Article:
Amin David is President of Los Amigos of Orange County
In his eloquent â€œLetter From a Birmingham Jailâ€ written in response to white ministers who criticized nonviolent activist tactics, Martin Luther King, Jr., wrote powerfully, â€œInjustice anywhere is a threat to justice everywhere.â€ It greatly bothered King that white Christians could stand by idly while oppression of fellow human beings continued unabated, â€œShallow understanding from people of good will is more frustrating than absolute misunderstanding from people of ill will.â€Â
He wrote from his small jail cell one of the most famous and forceful arguments supporting the principles of non-violent action against â€œunjust laws,â€ and reminded a majority Christian nation of its own moral obligation. In reflecting on the recent actions by the Arizona legislature enacting immigration policies which many fear will lead to racial profiling, an abhorrent and illegal practice in the worldâ€™s greatest democracy, Â it is time to once again ask Americans, especially the majority who adhere to the Christian faith, Â to examine their hearts and core values.
The Bible has many statements espousing unconditional love but none more on point than in the Old Testament (Leviticus 19.33-25),â€When an alien resides with you in your land, you shall not oppress the alien. The alien who resides with you shall be to you as the citizen among you; you shall love the alien as yourself, for you were aliens in the land of Egypt: I am the Lord your God.â€ Â After pondering the meaning of this, I donâ€™t know how one can articulate how this verse squares with the Arizona law.Â
We find a similar message from Jesus in the New Testament (Matthew 22.34-40), â€œYou shall love the Lord your God with all your heart, and with all your soul, and with all your mind.â€™ This is the greatest and first commandment. And a second is like it: â€˜You shall love your neighbor as yourself.â€™ On these two commandments hang all the law and the prophets.
Considering that most of the anti-illegal alien rhetoric is coming out of the Far-Right who overwhelmingly self-identify as Christian, it seems a great contradiction as to why such hatred and vitriol has erupted from this group. But as King stated in his Letter, â€œSo often the contemporary church is a weak, ineffectual voice with an uncertain sound. So often it is an arch defender of the status quo. Far from being disturbed by the presence of the church, the power structure of the average community is consoled by the church’s silent and often even vocal sanction of things as they are.â€
We at Los Amigos believe it is time once again to ask our religious leaders to stand up to remind their flocks what it means to be Christian and to condemn those who resort to scapegoating their fellow man.
But we cannot stop there. It is unfortunate that city leaders are adopting resolutions supporting the Arizona law; some local city councils are shamelessly identifying their communities as â€œRule of Lawâ€ cities even as they vote to reduce funding for law enforcement, code enforcement, firefighters, etc.Â Hopefully, voters will see these actions as pandering attempts to shift blame away from real problems that some elected officials would rather not address.Â Thankfully, many city council members are rejecting the jingoism and focusing instead on the business of governance. But it should disturb all Americans that opportunistic elected officials are tapping into the unhappiness, depression and disillusionment wrought by the worst recession since the Great Depression to scapegoat those in no position to defend themselves.Â We must hold those accountable who support such mean spirited and manipulative resolutions and ask them to rescind their actions.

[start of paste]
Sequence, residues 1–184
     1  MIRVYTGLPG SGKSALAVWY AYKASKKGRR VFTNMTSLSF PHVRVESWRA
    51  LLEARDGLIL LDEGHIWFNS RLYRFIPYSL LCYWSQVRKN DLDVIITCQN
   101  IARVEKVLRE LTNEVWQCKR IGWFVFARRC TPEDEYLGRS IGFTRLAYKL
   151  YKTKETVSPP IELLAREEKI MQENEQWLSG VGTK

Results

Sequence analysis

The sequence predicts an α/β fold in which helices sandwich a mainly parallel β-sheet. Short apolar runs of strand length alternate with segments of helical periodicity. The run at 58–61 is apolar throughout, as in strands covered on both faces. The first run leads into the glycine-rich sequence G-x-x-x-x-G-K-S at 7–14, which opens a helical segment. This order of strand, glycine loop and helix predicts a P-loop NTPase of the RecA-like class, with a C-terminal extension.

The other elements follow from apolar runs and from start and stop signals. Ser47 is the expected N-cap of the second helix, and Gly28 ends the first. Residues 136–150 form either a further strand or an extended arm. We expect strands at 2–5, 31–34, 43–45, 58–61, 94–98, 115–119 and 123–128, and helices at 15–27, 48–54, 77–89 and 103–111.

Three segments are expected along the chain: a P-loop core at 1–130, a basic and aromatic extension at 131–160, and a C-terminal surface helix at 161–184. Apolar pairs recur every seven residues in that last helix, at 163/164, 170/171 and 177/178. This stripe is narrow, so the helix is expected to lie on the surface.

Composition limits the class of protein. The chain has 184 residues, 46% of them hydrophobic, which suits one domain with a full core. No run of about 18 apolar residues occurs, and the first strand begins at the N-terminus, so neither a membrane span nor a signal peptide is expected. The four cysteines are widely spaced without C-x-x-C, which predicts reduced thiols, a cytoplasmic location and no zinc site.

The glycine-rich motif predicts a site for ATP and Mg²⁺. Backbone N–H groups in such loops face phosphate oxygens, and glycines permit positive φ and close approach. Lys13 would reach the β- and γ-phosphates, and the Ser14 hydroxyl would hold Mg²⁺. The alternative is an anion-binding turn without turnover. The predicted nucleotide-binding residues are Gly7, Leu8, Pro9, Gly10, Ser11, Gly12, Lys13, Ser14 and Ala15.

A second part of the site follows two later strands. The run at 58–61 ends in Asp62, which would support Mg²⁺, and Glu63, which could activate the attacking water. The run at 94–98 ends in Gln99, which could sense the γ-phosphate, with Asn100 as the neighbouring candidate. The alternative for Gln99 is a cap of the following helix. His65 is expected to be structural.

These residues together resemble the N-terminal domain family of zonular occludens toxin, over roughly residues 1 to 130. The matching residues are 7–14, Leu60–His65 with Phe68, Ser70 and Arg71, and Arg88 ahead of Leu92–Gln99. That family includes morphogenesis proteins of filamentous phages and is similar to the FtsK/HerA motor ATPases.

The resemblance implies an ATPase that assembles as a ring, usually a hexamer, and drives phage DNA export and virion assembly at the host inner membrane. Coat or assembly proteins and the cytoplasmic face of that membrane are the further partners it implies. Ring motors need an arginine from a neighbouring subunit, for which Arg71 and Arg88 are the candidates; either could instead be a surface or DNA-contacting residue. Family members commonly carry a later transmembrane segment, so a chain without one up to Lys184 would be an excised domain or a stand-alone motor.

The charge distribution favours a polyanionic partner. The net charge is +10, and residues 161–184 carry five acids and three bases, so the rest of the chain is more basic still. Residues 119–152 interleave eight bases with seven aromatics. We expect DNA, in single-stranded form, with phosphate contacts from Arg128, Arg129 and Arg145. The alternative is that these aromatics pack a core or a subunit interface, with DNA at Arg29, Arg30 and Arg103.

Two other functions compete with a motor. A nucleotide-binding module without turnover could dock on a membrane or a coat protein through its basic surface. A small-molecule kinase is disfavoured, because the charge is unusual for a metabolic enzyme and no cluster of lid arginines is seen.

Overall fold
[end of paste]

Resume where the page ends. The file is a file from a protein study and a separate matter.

Finally no examination of Americaâ€™s Conservative Christian core values is complete without consulting the greatest conservative, Ronald Reagan.
In his January 1989 farewell message to the nation, Reagan said this about immigration:
I’ve spoken of the shining city all my political life, but I don’t know if I ever quite communicated what I saw when I said it. But in my mind it was a tall, proud city built on rocks stronger than oceans, wind-swept, God-blessed, and teeming with people of all kinds living in harmony and peace; a city with free ports that hummed with commerce and creativity. And if there had to be city walls, the walls had doors and the doors were open to anyone with the will and the heart to get here.
In a nationally televised debate with Walter Mondale in 1984, Reagan stated, “I believe in the idea of amnesty for those who have put down roots and lived here, even though sometime back they may have entered illegally.” Â Â In 1986 Reagan signed the countryâ€™s most sweeping immigration bill to date which gave â€œamnestyâ€ to 2.9 million undocumented people, mostly from Mexico.
There is no question that the immigration debate is controversial and in the midst of a gripping recession impacting millions of Americans, very difficult to confront.Â But Mr. Reaganâ€™s words are perhaps most reassuring in affirming our great experiment in democracy: â€œAny place in the world and any person from these places; any person with the courage, with the desire to tear up their roots, to strive for freedom, to attempt and dare to live in a strange and foreign place, to travel halfway across the world was welcome here .. . I believe that God in shedding his grace on this country has always in this divine scheme of things kept an eye on our land and guided it as a promised land for these people.â€
These words leave little doubt as to what Reagan would do.Â The question for us is what will we Americans do?